One of the key differences between the UK patent litigation system and the continental system is the role of expert evidence, in particular when it comes to inventive step. German courts consider obviousness to be a question of law, the role of the experts being only to shed light on the knowledge and mindset of the the person skilled in the art at the priority date. Finding a compromise between both of these positions will surely be a crucial task to tackle in the first decisions of the UPC.
In the decision American Science & Engineering Inc v Rapiscan Systems Ltd  EWHC 756 (Pat) (11 April 2016) , justice Arnold shares the following general comments on how to instruct the expert:
General comments on the expert evidence
109. Each party contends that the other party instructed its expert to ask himself the wrong question. Both sides' solicitors proceeded in a carefully structured manner by first asking their expert to consider the person skilled in the art and the common general knowledge, then to consider the prior art relied upon by Rapiscan and only then to consider the Patent. The difference between them was that AS&E's solicitors asked Dr Bjorkholm to consider obvious developments of the prior art before showing him the Patent, whereas Rapiscan's solicitors only asked Dr Lanza to consider the question of obviousness after they had shown him the Patent.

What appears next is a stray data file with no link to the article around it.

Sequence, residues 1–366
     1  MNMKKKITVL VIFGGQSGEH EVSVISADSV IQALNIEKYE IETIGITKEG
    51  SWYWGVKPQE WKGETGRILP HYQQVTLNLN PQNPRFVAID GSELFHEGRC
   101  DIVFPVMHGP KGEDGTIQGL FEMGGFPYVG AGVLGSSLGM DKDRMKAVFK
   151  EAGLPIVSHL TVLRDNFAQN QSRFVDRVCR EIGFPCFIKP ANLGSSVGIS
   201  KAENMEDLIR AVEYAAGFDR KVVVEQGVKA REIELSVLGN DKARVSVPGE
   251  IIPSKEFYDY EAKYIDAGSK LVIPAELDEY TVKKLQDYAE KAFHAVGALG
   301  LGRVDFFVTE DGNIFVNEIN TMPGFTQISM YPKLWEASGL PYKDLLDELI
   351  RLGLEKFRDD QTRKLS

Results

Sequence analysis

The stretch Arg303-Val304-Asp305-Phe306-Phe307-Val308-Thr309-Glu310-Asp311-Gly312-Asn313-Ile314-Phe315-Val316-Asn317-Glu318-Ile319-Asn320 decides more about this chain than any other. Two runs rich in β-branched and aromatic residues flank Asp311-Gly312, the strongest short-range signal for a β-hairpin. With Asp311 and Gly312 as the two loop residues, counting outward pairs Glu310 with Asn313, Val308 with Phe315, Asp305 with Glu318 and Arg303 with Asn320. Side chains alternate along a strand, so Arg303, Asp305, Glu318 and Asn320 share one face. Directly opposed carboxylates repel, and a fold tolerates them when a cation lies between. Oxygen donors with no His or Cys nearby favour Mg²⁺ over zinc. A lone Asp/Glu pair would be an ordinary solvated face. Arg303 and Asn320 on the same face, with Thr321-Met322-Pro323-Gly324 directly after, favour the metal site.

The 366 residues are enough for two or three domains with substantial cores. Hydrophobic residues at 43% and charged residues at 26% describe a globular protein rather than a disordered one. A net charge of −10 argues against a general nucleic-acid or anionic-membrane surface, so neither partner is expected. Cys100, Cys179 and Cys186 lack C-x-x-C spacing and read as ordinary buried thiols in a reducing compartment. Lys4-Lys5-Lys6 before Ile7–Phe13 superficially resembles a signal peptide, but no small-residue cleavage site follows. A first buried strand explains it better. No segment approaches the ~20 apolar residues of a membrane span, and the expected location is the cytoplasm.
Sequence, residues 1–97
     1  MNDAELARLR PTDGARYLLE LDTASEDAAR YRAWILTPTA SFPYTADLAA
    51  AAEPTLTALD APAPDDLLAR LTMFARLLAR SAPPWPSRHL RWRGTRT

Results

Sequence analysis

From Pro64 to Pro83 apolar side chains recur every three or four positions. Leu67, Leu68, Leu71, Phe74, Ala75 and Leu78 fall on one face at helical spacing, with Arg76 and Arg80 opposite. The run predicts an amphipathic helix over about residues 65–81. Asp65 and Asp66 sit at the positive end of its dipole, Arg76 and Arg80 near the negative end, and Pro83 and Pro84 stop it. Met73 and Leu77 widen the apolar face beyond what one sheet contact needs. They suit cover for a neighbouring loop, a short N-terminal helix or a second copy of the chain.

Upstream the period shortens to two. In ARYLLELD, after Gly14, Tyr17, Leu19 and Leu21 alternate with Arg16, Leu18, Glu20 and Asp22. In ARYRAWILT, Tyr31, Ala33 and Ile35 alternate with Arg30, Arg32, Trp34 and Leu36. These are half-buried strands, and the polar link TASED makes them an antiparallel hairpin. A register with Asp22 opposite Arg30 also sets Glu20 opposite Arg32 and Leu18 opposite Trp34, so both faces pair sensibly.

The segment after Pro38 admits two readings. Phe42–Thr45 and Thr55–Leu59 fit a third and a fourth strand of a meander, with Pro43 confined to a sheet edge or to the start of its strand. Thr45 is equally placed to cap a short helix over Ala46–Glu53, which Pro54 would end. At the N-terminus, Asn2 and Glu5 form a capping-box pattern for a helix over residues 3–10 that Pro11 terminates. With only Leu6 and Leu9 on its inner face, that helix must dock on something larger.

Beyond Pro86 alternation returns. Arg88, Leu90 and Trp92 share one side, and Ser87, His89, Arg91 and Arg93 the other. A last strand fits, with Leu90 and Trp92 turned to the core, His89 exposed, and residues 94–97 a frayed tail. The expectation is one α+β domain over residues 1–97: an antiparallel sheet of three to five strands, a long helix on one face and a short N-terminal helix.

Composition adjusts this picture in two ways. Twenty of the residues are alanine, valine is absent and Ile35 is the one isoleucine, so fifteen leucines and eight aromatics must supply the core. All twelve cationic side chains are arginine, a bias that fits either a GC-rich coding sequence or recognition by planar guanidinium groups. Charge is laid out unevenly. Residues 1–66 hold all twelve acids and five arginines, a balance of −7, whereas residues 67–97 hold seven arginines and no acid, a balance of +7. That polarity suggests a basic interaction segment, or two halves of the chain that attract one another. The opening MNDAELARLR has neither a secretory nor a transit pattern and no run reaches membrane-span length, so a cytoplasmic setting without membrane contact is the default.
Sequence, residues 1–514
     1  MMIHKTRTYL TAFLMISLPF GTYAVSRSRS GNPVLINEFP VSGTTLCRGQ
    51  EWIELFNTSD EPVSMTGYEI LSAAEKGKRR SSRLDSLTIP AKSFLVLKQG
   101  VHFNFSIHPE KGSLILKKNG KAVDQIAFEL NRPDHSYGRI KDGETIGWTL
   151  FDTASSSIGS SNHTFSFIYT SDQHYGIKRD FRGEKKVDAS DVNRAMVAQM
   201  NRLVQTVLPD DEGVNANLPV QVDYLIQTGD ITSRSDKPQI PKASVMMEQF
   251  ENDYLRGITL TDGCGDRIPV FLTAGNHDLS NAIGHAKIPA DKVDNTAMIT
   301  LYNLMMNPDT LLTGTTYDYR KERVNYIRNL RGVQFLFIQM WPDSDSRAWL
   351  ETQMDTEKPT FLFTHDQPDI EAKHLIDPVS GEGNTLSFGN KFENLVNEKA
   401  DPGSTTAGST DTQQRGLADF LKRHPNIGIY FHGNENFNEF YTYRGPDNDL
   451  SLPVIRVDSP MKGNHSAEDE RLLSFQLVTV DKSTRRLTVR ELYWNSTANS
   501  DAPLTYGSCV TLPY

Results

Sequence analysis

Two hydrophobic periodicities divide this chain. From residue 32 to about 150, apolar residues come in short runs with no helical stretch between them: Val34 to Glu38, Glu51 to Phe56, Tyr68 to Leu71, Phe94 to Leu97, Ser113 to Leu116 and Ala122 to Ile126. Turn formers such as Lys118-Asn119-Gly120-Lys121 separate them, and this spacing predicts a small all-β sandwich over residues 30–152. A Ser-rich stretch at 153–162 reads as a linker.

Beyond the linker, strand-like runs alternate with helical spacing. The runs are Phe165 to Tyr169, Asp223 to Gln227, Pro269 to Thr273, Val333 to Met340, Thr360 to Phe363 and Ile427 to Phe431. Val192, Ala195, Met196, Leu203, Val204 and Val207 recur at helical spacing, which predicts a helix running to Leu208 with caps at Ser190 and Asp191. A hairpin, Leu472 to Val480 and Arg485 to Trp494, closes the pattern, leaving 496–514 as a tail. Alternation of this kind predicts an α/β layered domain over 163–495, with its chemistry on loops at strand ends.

110. In my view there is force in the criticisms which each side levels at the other's approach. The approach adopted by AS&E's solicitors had the advantage that it enabled Dr Bjorkholm to consider obvious developments of the prior art free from knowledge of the Patent; but it meant that he never addressed in his reports the question of whether the differences between Swift and the claimed invention constituted steps which would have been obvious to the person skilled in the art. The mere fact that a step did not occur to Dr Bjorkholm when reviewing the prior art was not sufficient to exclude the possibility that he might agree that it was obvious if asked. Unlike the person skilled in art, real people sometimes miss the obvious.
111. The approach adopted by Rapiscan's solicitors avoided that difficulty. The problem is that, whereas the correct question is whether, viewed without any knowledge of the claimed invention, the differences constituted steps which would be obvious, Dr Lanza expressed his understanding of the question he had been asked to consider without referring to the need to exclude knowledge of the claimed invention. Moreover, this does not appear to have been an artefact of the drafting of the report. On the contrary, Dr Lanza confirmed in cross-examination that his approach had been to consider obviousness as if the skilled person had been shown the claims and asked if they were obvious. Thus Dr Lanza does not appear to have understood the importance of trying to avoid hindsight.